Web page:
Your Baby

Your baby is close to 8 ½ inches in length this week, measuring from crown to rump and weighs just about a pound! Even with survival rates increasing for extremely premature babies in recent years, your baby would have less than a 10% chance of survival with intensive care if he or she were born at the end of this week. Babies born this early are at a significant risk for severe complications, particularly intraventricular hemorrhage (IVH). This happens when the brain begins to bleed, usually within the first few days after birth. However, the chance of survival increases to 20-40% in just two short weeks. Survival rates tend to increase close to 2% each and every day babies stay in the womb. Also, the likelihood your baby will have serious (and possibly life-threatening) problems decreases with each week that goes by.

The majority of the time (about 90-95%), your little one is sound asleep. Just prior to birth, your baby will sleep close to the same amount as a newborn; approximately 85–90% of the time. As your baby sleeps deeply, he or she exhibits all the characteristics of rapid eye movement (REM) sleep. During REM sleep, your baby’s eyes flutter, as well as move back and forth (just as yours do normally during REM). Your baby’s pulse increases, his or her muscles twitch and brain activity increases during this stage of sleep. Some scientists believe brain development occurs during REM sleep, mainly because of the brain activity. Dreaming is also thought to be possible. Researchers believe that babies dream, possibly about sensations they feel in the womb, since they don’t have visual experiences to dream about at this point.

Between your baby’s frequent naps, he or she stretches and flexes; moving more than 50 times each hour. Many of these movements are too delicate for you to detect. Your little one on-the-way is already developing a strong grasp reflex and exercises his or her fingers and toes constantly, during awake periods. Your baby extends his or her body and even touches his or her own face. Soon, your baby will even be coordinated enough to grasp the umbilical cord with his or her fingers!

Your Body

Your uterus may be about 1 inch above your belly button this week. If you are one of the many moms-to-be who have their belly button pierced, you’re probably wondering if you have to take out your jewelry and if so, when a good time is to remove it. You can continue to wear your belly button jewelry as long as you choose to, but you may get to a point where it becomes uncomfortable or the hole begins to stretch. As the skin on your abdomen stretches tightly with your growing belly, you may begin to experience a pulling sensation. Also, when your belly button begins to protrude, your jewelry may rub on your clothing or get caught on things much more easily and become quite an annoyance. For the sake of comfort, you may decide to remove your belly button jewelry (or upsize it) within the next several weeks. On the other hand, some women leave their jewelry in their entire pregnancy without any problems. It all boils down to individual comfort.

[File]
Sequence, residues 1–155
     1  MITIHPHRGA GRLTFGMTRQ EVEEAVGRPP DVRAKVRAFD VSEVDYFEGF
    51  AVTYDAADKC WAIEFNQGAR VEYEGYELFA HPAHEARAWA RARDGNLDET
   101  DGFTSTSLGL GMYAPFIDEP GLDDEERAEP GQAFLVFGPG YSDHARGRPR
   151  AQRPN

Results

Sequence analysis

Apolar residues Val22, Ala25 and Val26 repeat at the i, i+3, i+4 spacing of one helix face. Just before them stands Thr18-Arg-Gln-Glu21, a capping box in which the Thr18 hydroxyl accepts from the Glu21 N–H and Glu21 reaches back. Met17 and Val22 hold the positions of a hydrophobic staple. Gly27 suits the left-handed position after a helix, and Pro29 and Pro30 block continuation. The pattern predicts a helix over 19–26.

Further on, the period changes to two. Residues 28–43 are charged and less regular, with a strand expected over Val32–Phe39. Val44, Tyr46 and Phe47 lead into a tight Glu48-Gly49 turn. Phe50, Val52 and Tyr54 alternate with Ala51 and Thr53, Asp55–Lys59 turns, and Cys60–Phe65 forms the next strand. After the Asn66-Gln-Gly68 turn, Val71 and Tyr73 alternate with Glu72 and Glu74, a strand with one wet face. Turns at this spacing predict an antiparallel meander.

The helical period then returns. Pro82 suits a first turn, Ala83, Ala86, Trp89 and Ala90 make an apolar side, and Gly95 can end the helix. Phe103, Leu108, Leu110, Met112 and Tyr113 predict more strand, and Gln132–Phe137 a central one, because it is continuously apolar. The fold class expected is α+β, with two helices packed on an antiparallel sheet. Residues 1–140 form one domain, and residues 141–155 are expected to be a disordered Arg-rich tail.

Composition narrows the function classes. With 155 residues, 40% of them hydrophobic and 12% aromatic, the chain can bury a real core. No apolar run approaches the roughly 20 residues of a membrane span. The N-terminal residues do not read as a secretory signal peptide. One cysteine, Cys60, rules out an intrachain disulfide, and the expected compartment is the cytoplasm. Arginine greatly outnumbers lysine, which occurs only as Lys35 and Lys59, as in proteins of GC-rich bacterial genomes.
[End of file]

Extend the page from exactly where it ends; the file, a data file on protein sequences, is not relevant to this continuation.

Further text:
If your piercing has fully healed, the opening may still be there after your baby’s birth and you may be able to put the jewelry back in without too much trouble. If the hole closes, you can always just have it re-pierced later on. If you wish to keep the hole open, you can try threading a new piece of fishing line through the opening. There are also flexible plastic-like bars that tend to be less irritating during pregnancy, which can be worn until your jewelry can be re-inserted. They are made of a substance called polytetrafluoroethylene (or PTFE for short). PTFE body jewelry bends with your body, unlike metal jewelry and is the most comfortable jewelry made today. Some heart valves and other surgical implants are made from PTFE, because it’s the least allergenic material available.

You may find yourself suffering from occasional leg cramps and spasms which can be uncomfortable or even quite severe at times. These cramps may become more persistent as your pregnancy progresses, though soon you won’t even be able to see your legs! The most common area to feel cramping is in your calves, particularly if you stretch and point your toes before getting out of bed in the morning. This miserable complaint of pregnancy is thought to have several possible causes including your uterus placing pressure on the nerves of the pelvis. Calcium, magnesium, potassium and vitamin C deficiencies are other possible contributors to this problem. Staying active and exercising regularly seems to help alleviate leg cramps. Try massaging your legs, particularly the calf muscles, before bed. During a cramp, message the area until the pain lets up, then apply a heating pad or hot water bottle to soothe sore muscles. A warm bath never hurts! Most leg cramps are completely harmless, but it’s best to report all leg pain to your doctor or midwife, because the pain could be a sign of something more serious such as thrombophlebitis.

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